By some accounts, more than 95% of the top 1 million web servers run Linux, along with over 90% of the public cloud and well over 80% of smartphones. So, even if you're walking around offices still dominated by Windows desktops, Linux is winning big time in some of the most important markets and remains the beating heart of the open source movement.

    Happy birthday, Linux! Here's to wishing you many decades of continued success, dedicated contributers, and happy users.

Comment viewing options

Select your preferred way to display the comments and click "Save settings" to activate your changes.

More in Tux Machines

Kali Linux: Win-KeX Version 2.0

We have been humbled by the amazing response to our recent launch of Win-KeX. After its initial release, we asked ourselves if that is truly the limit of what we can achieve or could we pull off something incredible to mark the 25th anniversary of Hackers? What about “a second concurrent session as root”, “seamless desktop integration with Windows”, or – dare we dream – “sound”? Read more

Python Programming

  • SDF record walkthrough

    In this essay I'll walk through the major parts of a simple V2000 SDFile record. Richard Apodaca summarized the SDfile format a few months ago, with details I won't cover here. You should read it for more background. Bear in mind that the variety of names for this format name leads to some confusion. It's often called an SDF file, which technically means structure-data file file, in the same way that PIN number technically means personal identification number number. I tend to write SD file, but the term in the documentation is SDFile.

  • I Want to Learn Programming but I Don’t Know Where to Start

    Software development is a challenging and lucrative career option. Our daily utility items — light bulbs, televisions, cars, banking, shopping — everything is driven by intelligent pieces of codes. If you want to learn programming but do not know where to start, you have come to the right blog. I have compiled a step-by-step guide that will get you started on your software development journey and eliminate your apprehensions.

  • Handling the SDF record delimiter

    In this essay I'll point out a common difficulty people have when trying to identify the end of an SDFile record.

  • Stack Abuse: Kernel Density Estimation in Python Using Scikit-Learn

    This article is an introduction to kernel density estimation using Python's machine learning library scikit-learn. Kernel density estimation (KDE) is a non-parametric method for estimating the probability density function of a given random variable. It is also referred to by its traditional name, the Parzen-Rosenblatt Window method, after its discoverers.

  • How to Create a Python Hello World Program

    There is a major difference between python 2 and python 3. For instance, one difference is the print statement. In python 2, the print statement is not a function. It is considered as a simple statement. Whenever we use the print statement in python 2, we do not use the parenthesis. On the other hand in python 3, print is a function and it is followed by the parenthesis. In any programming language, the simplest “Hello World” program is used to demonstrate the syntax of the programming language. In this article, we create the “Hello World” program in python 3. Spyder3 editor is used to creating and running the python script.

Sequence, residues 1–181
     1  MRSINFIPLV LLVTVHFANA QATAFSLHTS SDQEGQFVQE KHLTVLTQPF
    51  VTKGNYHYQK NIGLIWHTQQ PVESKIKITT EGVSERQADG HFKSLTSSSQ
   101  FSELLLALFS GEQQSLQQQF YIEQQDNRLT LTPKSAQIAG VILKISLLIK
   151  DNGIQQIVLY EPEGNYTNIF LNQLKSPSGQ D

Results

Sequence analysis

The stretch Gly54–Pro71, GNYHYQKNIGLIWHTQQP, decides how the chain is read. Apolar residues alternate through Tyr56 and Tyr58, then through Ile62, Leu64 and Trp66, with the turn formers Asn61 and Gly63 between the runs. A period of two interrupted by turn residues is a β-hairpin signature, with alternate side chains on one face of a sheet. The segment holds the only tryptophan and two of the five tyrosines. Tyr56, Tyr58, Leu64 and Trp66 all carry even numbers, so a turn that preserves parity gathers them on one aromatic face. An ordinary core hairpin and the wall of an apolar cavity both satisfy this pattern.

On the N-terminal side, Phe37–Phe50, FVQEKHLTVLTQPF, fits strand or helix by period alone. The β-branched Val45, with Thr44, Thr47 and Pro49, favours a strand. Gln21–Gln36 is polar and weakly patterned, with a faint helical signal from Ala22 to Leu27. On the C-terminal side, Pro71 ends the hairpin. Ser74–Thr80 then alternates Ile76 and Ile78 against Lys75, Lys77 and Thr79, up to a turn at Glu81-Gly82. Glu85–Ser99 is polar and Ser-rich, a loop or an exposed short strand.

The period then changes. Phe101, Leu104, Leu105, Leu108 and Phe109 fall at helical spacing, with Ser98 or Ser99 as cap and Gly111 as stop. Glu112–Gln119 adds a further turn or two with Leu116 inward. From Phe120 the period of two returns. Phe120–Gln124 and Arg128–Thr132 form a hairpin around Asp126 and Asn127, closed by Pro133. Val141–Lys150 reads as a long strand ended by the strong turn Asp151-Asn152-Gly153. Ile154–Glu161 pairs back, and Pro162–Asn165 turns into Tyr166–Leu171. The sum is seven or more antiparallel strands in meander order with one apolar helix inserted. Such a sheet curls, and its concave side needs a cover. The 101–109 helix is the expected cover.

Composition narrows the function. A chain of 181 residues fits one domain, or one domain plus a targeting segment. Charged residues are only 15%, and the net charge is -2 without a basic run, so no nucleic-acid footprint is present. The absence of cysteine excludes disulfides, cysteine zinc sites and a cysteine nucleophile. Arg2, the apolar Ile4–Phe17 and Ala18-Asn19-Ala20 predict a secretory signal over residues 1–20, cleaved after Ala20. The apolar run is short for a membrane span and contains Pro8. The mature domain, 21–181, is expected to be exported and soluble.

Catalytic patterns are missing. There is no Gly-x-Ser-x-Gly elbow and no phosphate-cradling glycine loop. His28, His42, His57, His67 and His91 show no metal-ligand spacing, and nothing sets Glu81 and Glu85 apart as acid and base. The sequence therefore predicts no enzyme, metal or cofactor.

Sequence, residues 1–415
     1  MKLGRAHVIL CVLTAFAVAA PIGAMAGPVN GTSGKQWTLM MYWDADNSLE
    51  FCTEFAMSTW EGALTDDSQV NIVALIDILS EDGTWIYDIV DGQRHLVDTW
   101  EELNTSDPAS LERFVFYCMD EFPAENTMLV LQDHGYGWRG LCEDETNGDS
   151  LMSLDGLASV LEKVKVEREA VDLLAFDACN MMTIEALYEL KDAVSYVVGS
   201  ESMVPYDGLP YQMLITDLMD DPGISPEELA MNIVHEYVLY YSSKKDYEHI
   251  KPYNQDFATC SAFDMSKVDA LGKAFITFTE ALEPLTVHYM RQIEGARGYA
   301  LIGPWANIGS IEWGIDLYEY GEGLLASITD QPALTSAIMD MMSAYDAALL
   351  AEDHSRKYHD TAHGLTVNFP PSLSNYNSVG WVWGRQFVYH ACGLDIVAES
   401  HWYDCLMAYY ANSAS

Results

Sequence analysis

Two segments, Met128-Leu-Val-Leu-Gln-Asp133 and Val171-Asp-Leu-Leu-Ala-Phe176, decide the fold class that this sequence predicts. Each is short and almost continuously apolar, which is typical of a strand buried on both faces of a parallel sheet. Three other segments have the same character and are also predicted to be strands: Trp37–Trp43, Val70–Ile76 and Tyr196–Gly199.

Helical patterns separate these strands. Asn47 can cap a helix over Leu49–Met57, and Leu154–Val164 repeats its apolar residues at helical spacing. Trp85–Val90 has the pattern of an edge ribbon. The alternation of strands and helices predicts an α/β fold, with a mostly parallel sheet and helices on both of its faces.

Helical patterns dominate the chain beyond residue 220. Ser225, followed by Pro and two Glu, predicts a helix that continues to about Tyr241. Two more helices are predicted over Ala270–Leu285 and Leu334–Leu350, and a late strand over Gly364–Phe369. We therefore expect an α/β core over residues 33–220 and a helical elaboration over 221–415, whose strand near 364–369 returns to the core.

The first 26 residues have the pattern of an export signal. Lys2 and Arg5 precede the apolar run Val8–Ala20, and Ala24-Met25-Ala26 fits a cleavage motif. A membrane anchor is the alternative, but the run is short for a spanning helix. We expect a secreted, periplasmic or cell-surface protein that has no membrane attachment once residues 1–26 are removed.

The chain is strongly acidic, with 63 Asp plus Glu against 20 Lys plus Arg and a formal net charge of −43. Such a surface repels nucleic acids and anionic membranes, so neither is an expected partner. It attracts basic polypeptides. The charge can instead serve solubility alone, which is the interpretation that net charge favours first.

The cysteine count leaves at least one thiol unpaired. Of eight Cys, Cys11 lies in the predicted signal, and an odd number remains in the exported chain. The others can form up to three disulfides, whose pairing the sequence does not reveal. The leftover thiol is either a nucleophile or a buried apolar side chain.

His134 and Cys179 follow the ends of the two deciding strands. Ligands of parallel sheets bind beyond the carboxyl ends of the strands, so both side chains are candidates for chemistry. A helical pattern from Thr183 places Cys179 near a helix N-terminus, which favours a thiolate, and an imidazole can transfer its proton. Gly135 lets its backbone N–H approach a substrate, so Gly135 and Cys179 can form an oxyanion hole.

Mozilla: PGP in Thunderbird, Departures, Firefox Send and Firefox Notes

  • Thunderbird implements PGP crypto feature requested 21 years ago

    Mozilla's mail reader Thunderbird has implemented a feature first requested 21 years ago. The somewhat garbled request – "I'd appreciate a plugin for PGP to ede and encrypt PGP crypted messages directly in Mozilla" [sic] – appears to have gone unimplemented due to concerns about US laws that bar export of encryption, debate about whether PGP was the right way to do crypto, and other matters besides. Thunderbird eventually chose to use Enigmail and its implementation of OpenPGP public key email encryption. However, it was an add-on rather than integrated. Commenters in the Bugzilla thread stemming from the request kept the dream of an integrated solution alive, though. Then in October 2019, the Thunderbird blog announced that Thunderbird 78 "will add built-in functionality for email encryption and digital signatures using the OpenPGP standard." Thunderbird 78 emerged in July 2020, and late in August Thunderbird contributor Kai Engert (:KaiE:) posted: "We have released support for OpenPGP email in Thunderbird version 78.2.1. Marking fixed."

  • Upcoming US Holidays (for Mike Taylor)

    This is my last full week at Mozilla, with my last day being Monday, September 21. It’s been just over 7 years since I joined (some of them were really great, and others were fine, I guess).

  • Update on Firefox Send and Firefox Notes

    As Mozilla tightens and refines its product focus in 2020, today we are announcing the end of life for two legacy services that grew out of the Firefox Test Pilot program: Firefox Send and Firefox Notes. Both services are being decommissioned and will no longer be a part of our product family. Details and timelines are discussed below. Firefox Send was a promising tool for encrypted file sharing. Send garnered good reach, a loyal audience, and real signs of value throughout its life. Unfortunately, some abusive users were beginning to use Send to ship malware and conduct spear phishing attacks. This summer we took Firefox Send offline to address this challenge. In the intervening period, as we weighed the cost of our overall portfolio and strategic focus, we made the decision not to relaunch the service. Because the service is already offline, no major changes in status are expected. You can read more here.

  • Mozilla Browser Extension to Track YouTube Recommendations

    It’s easy to get caught up in YouTube as it recommends an endless array of videos, with each one offering you more of the same type of content. But it’s not always the same content. Sometimes the process gets convoluted, and you wind up watching something you have no interest in. Mozilla is curious why this happens and created a browser extension to track YouTube recommendations.

today's howtos